The kiss of the ADA
Rep. Vic Snyder of Little Rock and Sen. Blanche Lincoln received the highest ratings of the Arkansas congressional delegation from the Americans for Democratic Action, a liberal group.
The ADA rated members of Congress according to how many times their votes agreed with the ADA on 20 selected issues in 2004. Both Snyder and Lincoln were rated 95. Sen. Mark Pryor had a rating of 85. Fifty-two representatives and 17 senators scored perfect 100s.
Rep. Mike Ross of Prescott scored 65, Rep. Marion Berry of Gillett 60 and Rep. John Boozman of Rogers 10. Boozman, the only Republican in the Arkansas congressional delegation, voted with the ADA twice. Forty-six members of the House of Representatives got zero ratings from the ADA. No senator got a zero rating.
They don’t know yet if it’s a discovery worthy of the Beverly Hillbillies’ “black gold,” but Boy Scout leaders are still thrilled with a gas discovery on the 3,000-acre Gus Blass Scout Reservation near Damascus. That’s the acreage that serves Scouts from the 33-county Quapaw Area Council based in Little Rock.
Scout executive John Carman says Seeco of Fort Smith has completed and just begun production from one gas well, is drilling another and has plans for a third on the Scout property. Some wells are being drilled on adjacent farmland as well.
“We don’t know what the production is going to be,” Carman said. “It may take a year before we see the start of the money.” Initial plans call for putting the money in the council’s endowment.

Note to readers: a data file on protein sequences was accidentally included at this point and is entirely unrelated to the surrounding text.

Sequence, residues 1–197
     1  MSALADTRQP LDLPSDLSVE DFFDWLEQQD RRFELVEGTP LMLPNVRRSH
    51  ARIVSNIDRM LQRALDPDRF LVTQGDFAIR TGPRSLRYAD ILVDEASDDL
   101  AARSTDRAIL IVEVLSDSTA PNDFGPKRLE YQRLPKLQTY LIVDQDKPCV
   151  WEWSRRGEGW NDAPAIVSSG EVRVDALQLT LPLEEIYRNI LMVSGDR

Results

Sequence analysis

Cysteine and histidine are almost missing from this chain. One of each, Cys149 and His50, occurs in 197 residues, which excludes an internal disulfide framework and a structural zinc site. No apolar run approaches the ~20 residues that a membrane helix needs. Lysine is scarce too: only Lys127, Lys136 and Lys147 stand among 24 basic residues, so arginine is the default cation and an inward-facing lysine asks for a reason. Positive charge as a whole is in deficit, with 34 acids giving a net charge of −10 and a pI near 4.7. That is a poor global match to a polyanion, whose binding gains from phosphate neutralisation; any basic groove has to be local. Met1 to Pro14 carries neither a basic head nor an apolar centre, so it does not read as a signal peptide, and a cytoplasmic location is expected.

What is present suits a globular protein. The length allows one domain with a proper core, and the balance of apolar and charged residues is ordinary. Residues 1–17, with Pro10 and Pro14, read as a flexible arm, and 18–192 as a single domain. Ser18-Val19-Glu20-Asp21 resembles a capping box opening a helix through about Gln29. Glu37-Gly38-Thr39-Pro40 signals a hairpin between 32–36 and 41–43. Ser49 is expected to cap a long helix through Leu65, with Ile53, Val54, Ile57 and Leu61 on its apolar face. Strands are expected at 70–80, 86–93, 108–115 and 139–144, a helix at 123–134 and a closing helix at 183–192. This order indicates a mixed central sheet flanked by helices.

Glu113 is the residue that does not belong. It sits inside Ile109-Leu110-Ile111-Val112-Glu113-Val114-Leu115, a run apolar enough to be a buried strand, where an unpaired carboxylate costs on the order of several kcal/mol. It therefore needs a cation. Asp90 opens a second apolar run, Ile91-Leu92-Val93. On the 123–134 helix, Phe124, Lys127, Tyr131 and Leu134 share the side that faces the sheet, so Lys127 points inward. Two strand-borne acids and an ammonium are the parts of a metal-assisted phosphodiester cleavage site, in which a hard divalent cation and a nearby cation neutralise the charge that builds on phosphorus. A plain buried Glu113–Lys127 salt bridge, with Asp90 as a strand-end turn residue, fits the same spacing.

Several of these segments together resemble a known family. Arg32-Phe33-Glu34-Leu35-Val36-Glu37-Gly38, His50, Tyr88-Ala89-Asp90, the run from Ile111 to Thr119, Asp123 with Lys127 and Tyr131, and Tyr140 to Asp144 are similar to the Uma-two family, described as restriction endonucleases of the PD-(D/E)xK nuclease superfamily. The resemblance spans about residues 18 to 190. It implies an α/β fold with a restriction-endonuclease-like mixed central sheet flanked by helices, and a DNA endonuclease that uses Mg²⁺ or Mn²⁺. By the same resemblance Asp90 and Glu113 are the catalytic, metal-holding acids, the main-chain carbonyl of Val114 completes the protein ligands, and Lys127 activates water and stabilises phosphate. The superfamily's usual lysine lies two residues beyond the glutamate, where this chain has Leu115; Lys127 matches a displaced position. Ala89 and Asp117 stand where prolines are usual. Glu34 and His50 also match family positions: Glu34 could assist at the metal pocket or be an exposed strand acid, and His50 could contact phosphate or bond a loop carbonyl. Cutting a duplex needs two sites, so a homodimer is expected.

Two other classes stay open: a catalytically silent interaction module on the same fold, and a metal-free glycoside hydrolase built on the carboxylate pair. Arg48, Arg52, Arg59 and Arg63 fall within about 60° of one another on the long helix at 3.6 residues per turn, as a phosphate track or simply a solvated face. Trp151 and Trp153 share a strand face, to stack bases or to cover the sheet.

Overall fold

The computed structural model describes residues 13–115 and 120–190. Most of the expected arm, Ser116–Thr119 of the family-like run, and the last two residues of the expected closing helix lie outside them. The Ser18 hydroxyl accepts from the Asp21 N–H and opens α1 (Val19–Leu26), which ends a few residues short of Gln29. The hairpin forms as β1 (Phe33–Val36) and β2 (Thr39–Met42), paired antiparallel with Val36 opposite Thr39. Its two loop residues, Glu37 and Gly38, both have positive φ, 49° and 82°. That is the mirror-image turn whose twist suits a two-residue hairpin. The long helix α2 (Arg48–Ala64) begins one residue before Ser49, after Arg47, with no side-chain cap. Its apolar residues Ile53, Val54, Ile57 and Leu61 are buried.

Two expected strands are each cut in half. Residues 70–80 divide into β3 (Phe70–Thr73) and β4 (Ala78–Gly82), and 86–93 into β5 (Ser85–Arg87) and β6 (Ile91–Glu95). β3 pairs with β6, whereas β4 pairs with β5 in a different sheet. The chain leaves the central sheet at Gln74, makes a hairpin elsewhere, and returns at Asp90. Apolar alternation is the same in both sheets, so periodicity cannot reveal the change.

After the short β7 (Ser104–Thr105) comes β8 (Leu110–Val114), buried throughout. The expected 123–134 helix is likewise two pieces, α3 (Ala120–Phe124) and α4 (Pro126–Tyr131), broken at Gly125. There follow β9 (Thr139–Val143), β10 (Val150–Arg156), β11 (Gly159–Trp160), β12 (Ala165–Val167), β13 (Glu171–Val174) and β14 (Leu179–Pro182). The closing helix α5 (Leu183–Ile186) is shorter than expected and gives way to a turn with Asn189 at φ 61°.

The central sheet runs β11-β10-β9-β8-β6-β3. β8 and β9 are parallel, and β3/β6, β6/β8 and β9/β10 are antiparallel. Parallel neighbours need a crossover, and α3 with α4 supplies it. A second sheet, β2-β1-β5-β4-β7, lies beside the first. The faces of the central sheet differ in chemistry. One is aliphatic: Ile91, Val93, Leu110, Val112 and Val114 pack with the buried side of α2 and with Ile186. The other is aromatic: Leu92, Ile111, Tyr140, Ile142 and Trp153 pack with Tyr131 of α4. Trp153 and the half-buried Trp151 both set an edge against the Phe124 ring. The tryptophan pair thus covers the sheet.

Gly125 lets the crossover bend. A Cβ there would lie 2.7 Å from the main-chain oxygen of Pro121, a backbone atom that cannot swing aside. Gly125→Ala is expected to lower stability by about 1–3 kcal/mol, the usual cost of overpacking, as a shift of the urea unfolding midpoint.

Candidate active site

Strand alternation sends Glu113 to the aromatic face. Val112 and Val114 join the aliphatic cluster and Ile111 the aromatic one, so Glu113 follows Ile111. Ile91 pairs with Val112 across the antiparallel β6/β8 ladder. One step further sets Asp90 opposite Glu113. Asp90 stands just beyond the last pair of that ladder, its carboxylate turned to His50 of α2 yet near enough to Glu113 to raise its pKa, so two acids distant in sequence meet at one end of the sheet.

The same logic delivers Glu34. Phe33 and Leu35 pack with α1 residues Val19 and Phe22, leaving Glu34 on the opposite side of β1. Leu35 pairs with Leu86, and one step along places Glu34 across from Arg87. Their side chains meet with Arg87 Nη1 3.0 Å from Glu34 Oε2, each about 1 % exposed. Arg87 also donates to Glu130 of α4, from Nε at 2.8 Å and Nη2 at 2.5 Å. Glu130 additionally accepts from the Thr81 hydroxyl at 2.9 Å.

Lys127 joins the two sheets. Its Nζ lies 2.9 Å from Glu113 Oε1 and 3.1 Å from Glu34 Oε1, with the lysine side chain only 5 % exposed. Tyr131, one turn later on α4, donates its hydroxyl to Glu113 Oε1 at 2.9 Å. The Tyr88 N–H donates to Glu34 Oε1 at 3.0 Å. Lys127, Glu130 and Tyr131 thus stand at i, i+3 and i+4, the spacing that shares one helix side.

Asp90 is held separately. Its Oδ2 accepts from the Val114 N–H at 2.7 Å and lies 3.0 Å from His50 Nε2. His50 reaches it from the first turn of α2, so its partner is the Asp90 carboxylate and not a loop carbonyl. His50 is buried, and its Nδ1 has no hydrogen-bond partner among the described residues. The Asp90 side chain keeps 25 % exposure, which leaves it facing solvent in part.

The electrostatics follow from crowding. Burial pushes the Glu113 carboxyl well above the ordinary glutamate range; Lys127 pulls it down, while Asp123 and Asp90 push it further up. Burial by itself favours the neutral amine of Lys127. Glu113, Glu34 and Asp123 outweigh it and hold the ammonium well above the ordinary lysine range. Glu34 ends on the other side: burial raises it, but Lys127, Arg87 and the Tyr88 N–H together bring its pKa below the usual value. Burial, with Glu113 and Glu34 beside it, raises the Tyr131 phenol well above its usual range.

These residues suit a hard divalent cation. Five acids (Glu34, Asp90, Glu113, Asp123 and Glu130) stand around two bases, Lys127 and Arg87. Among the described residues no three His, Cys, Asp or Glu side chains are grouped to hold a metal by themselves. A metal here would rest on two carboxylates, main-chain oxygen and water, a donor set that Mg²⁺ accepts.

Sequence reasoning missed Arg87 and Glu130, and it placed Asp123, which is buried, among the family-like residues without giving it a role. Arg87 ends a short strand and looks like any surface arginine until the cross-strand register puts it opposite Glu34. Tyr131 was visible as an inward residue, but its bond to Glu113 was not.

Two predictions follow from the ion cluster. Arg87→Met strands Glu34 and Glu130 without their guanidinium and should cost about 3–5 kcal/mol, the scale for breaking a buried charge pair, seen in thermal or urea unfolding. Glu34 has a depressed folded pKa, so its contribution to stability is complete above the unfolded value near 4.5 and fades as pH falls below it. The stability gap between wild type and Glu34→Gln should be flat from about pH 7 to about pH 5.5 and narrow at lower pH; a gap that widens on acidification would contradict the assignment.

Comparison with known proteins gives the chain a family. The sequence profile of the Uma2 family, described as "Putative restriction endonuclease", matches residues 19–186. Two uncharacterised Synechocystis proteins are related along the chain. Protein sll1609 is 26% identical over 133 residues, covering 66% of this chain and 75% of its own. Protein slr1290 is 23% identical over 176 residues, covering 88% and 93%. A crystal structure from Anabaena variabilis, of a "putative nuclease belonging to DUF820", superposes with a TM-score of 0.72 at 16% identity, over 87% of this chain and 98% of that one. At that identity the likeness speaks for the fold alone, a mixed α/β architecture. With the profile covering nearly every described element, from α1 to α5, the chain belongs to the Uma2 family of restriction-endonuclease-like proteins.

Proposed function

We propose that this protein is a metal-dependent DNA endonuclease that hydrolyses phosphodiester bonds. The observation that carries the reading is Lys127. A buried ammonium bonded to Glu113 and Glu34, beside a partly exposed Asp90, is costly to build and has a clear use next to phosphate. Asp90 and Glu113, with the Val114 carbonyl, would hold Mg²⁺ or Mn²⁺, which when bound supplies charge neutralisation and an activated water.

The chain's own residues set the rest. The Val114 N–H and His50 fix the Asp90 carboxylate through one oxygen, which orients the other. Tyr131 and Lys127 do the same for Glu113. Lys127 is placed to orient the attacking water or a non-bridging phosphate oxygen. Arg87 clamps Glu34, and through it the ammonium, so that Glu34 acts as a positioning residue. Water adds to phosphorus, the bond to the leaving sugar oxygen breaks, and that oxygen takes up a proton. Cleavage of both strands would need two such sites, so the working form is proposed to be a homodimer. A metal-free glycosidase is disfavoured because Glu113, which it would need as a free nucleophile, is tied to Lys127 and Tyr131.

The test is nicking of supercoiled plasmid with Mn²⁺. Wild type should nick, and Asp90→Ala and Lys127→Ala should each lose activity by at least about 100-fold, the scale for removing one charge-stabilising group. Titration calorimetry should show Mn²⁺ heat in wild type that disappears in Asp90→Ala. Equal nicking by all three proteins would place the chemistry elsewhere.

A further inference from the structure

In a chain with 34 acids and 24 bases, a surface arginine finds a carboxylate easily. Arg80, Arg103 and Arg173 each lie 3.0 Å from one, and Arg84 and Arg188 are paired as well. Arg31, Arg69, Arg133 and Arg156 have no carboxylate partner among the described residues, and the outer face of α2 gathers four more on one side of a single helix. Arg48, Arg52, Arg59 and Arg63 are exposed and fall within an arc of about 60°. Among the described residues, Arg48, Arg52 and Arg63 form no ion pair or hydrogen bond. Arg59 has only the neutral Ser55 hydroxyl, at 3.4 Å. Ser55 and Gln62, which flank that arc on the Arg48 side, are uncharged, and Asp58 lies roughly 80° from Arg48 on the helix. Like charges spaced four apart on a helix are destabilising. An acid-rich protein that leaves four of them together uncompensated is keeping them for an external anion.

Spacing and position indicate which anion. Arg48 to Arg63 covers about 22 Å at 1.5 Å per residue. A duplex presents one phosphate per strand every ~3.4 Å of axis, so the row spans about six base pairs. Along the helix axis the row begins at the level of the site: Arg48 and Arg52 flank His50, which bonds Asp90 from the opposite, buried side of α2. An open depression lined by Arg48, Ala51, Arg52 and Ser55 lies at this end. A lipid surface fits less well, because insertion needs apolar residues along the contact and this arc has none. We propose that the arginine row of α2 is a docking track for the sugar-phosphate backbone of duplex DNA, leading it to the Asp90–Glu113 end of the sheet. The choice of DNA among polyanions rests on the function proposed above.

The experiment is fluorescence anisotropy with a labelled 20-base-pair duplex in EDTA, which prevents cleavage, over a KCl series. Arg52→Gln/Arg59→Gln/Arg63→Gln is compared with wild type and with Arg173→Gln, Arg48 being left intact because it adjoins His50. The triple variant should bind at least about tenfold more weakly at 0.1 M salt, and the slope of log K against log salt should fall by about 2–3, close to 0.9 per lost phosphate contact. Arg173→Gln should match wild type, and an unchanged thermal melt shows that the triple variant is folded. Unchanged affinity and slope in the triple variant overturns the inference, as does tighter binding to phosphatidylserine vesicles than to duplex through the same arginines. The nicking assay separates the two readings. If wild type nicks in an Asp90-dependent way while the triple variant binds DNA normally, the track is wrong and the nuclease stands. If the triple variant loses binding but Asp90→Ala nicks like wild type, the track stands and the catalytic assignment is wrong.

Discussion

The find comes at a good time. Scout support from a major traditional source, the United Way, has been dropping in recent years and could drop 15 percent (or by $17,000 or so) next year, Carman said. The decline has a variety of causes. The biggest contributor, United Way of Pulaski County, continues to meet its campaign goals, but an increase in the number of people who direct their contributions to specific charities or to other United Way organizations, some of which have missed fund-raising goals, has caused a decline in support to a number of agencies traditionally supported by United Way.
A dark and hairy night
If you live in Union County, that furry no-see-um that keeps turning over your trashcan every night might be something slightly bigger than a hungry raccoon. It might be Bigfoot — or so a witness told the Bigfoot Field Research Organization (www.bfro.net).
An unidentified man told BFRO that around 8 p.m. May 7, while he and a female friend were parked on a dead-end road about a quarter mile from Highway 167 near El Dorado, he saw, about 15 yards away, a dark furry creature standing on two legs. The witness reported that the creature was between 4 feet and 5 feet tall, covered in brown or black fur, and walked hunched over. Though his female companion was looking another way and didn’t see the creature, she did hear it crunching off into the underbrush.
“I can honestly say I have never seen anything like that,” the man wrote. “We sat in the truck for five minutes out of fear. I gassed it and left the road quickly.”
A BFRO contact visited the Union County area on May 9, the website reports, but found only a well-worn game trail and no evidence of Bigfoot. “The only tracks I found were deer and what looked like coyote tracks,” she wrote. “I never saw anything that I would consider a Bigfoot track.”
Could it be that folks down in oil country are jealous of the Delta’s ivory-billed woodpecker?